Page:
The Anatomy of Head Trauma

Many structures can be injured during head trauma

Head trauma affects important structures of the face, neck and skull. The brain is one of the most sensitive organs that can be damaged by head trauma. In addition, the eyes, ears, sinuses, nose, facial tissues and breathing structures may also be injured.

For moderate to severe head trauma, numerous specialists often become involved in the plan of care. These include neurosurgeons, eye doctors, ear nose and throat specialists, and plastic surgeons.

Nurse practitioners, nurses, therapists and counselors also provide specialized care.

Brain Injury from Head Trauma

The brain controls all unconscious and conscious activities. It is the core processor of all body functions, and manages everything from body temperature and digestion, to the ability to read these words.

The brain is protected and surrounded by the skull. There are three important layers of tissue around the brain. These are called the:

  1. Dura mater
  2. Arachnoid membrane
  3. Pia Mater

The brain is bathed in fluid called cerebrospinal fluid. This fluid also flows around the entire length of the spinal cord. Cerebrospinal fluid cushions the brain and absorbs some of the normal day-to-day shocks from movement and exercise.

Blood Flow to the Brain After Head Trauma

The brain is surrounded by a network of critical arteries. These run between two of the tissue layers that surround the brain: the pia mater and arachnoid membrane.

In order for the brain to get the blood, nutrients and oxygen it needs, these blood vessels have to be intact and under normal pressure.

One concern after head trauma is damage to these blood vessels. If they rupture and bleed, it can lead to a large blood clot that presses down on brain tissues. When that happens, blood flow to the brain slows down and brain cells begin to die.

Anatomy of the Brain

Located at the lower back of the brain is the cerebellum and brainstem. The cerebellum controls motor movements such as balance and posture, and enables learning new skills such as riding a bicycle. The brainstem carries motor and sensory connections from the main part of the brain to the rest of the body as well as controls all basic life functions, including blood pressure, heart rate, breathing, level of consciousness and sleep cycle.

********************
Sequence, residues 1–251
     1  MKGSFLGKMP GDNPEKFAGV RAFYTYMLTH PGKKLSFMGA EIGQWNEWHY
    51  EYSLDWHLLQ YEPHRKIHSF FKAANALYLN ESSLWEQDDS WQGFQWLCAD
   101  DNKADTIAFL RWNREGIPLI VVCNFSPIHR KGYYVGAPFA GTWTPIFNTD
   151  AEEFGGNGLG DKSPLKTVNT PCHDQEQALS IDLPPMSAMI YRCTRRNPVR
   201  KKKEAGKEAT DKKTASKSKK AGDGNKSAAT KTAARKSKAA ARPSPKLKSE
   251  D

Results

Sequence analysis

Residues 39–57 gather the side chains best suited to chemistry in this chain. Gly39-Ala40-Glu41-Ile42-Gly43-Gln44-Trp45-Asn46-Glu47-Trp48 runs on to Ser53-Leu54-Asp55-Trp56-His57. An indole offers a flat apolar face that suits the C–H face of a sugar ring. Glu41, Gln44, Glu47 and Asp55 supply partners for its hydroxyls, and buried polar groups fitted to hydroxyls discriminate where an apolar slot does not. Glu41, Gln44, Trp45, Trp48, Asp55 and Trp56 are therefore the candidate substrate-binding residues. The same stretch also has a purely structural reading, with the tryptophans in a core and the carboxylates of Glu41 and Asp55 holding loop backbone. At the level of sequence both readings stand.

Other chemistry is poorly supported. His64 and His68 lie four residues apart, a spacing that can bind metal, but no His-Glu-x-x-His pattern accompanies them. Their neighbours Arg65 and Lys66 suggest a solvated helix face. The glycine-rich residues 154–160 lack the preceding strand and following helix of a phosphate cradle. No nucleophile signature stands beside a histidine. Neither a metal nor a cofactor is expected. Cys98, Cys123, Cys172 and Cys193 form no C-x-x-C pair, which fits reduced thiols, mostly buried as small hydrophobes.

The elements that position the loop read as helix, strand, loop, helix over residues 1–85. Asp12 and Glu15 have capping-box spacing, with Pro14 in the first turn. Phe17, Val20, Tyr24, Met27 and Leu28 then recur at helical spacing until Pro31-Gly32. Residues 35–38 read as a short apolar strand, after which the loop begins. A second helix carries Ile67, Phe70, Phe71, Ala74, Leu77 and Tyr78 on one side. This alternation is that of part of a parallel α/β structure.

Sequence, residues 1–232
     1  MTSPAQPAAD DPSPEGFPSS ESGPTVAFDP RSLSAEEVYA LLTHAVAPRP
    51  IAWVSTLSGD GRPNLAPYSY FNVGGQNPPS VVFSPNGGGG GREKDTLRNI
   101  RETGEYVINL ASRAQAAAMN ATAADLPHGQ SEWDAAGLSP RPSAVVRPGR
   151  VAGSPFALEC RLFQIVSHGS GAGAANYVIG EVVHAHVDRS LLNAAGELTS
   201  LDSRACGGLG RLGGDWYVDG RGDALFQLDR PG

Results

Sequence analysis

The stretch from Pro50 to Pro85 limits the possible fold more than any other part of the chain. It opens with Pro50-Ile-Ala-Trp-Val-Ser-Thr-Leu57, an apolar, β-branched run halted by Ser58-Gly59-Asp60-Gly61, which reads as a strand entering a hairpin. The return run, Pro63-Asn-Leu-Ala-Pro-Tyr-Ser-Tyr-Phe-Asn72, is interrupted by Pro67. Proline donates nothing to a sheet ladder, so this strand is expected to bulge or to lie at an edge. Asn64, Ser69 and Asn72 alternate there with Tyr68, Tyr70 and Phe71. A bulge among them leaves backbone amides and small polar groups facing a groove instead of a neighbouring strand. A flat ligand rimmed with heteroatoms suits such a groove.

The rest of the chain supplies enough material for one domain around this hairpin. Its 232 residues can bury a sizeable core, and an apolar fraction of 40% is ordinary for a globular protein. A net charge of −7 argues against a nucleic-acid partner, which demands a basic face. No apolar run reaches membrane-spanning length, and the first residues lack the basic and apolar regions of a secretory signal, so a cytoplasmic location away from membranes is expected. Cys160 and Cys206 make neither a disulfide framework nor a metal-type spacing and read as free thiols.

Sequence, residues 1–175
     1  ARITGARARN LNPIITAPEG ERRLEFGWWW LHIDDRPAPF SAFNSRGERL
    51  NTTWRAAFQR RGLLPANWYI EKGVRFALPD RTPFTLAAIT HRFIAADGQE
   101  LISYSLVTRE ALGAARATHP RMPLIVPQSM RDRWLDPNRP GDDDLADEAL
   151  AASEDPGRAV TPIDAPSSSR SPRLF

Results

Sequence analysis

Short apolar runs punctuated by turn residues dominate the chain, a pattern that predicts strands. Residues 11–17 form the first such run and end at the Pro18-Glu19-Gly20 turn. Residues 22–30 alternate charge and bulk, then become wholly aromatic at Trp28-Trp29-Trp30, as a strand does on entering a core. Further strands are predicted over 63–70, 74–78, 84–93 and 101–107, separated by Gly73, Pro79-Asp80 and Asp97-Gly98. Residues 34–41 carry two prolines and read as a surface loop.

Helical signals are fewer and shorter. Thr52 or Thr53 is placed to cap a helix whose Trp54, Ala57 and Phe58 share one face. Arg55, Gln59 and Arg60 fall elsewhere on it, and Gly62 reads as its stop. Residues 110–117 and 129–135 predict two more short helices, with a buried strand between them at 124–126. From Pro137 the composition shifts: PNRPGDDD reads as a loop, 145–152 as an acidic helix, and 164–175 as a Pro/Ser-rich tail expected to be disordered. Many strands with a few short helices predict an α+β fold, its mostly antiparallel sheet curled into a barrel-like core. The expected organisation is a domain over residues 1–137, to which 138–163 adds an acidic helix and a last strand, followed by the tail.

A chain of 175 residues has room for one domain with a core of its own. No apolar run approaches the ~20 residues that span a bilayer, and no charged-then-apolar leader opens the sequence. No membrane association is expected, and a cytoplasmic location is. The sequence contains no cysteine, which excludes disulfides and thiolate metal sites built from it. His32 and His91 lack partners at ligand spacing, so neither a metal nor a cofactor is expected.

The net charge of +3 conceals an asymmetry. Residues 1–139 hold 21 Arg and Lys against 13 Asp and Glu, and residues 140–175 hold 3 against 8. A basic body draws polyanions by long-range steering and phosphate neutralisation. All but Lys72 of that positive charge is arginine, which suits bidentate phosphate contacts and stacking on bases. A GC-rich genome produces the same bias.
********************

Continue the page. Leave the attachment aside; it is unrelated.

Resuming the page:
The rest of the brain, the larger portion, is called the cerebral cortex. The cerebral cortex is split into 4 distinct lobes.

  • Frontal Lobe
  • Temporal Lobe
  • Parietal Lobe
  • Occipital Lobe

Each of these lobes controls specific functions such as behavior, motor, sensory, language, and vision. Head trauma can damage one or several of these areas of the brain, resulting in specific changes in senses, learning, movement and behavior.

Eye Damage from Head Trauma

The eyes can be damaged by puncture, bruising, rupture and scraping. Bleeding into the globe of the eye is dangerous, because as pressure goes up, blood flow to the nerves that make vision possible goes down.

Any changes in vision after head trauma should always be immediately evaluated at the Emergency Department or by an ophthalmologist.

Eye injury might take time to make itself evident. Glaucoma after an injury may happen all of a sudden, or little by little. Traumatic glaucoma is a condition in which the eye’s natural fluid drainage system becomes clogged. This may be from old blood cells, or tissues that were dislodged during the head trauma.

Closed angle glaucoma is a medical emergency and happens suddenly. Symptoms include eye pain, nausea, vomiting, loss of vision, seeing rainbow halos around lights, and eye redness.

Open angle glaucoma happens over time, and symptoms may not be noticed until nerve damage at the back of the eye causes loss of vision.

Facial Damage from Head Trauma

The skull, facial bones and sinuses may be fractured or crushed from head trauma. The tissues covering the face may be burned, scraped or torn from the face. The bones surrounding the eye socket may also fracture and damage the eye.

Any time a head trauma is experienced, it’s recommeded to be evaluated in the Emergency Department or see a primary care provider for a complete, in-person evaluation.

Sources:

James D. Kretlow, Ph.D.,1 Aisha J. McKnight, M.D.,1 and Shayan A. Izaddoost, M.D Facial Soft Tissue Trauma; Facial Trauma; Semin Plast Surg. 2010 Nov; 24(4): 348–356.

Sihota R1, Kumar S, Gupta V, Dada T, Kashyap S, Insan R, Srinivasan G. The The

 (2008) Early predictors of traumatic glaucoma after closed globe injury: trabecular pigmentation, widened angle recess, and higher baseline intraocular pressure. ) Arch Ophthalmol. 2008 Jul;126(7):921-6

U.S. National Library of Medicine (2014) Head Injuries; https://www.nlm.nih.gov/medlineplus/headinjuries.html

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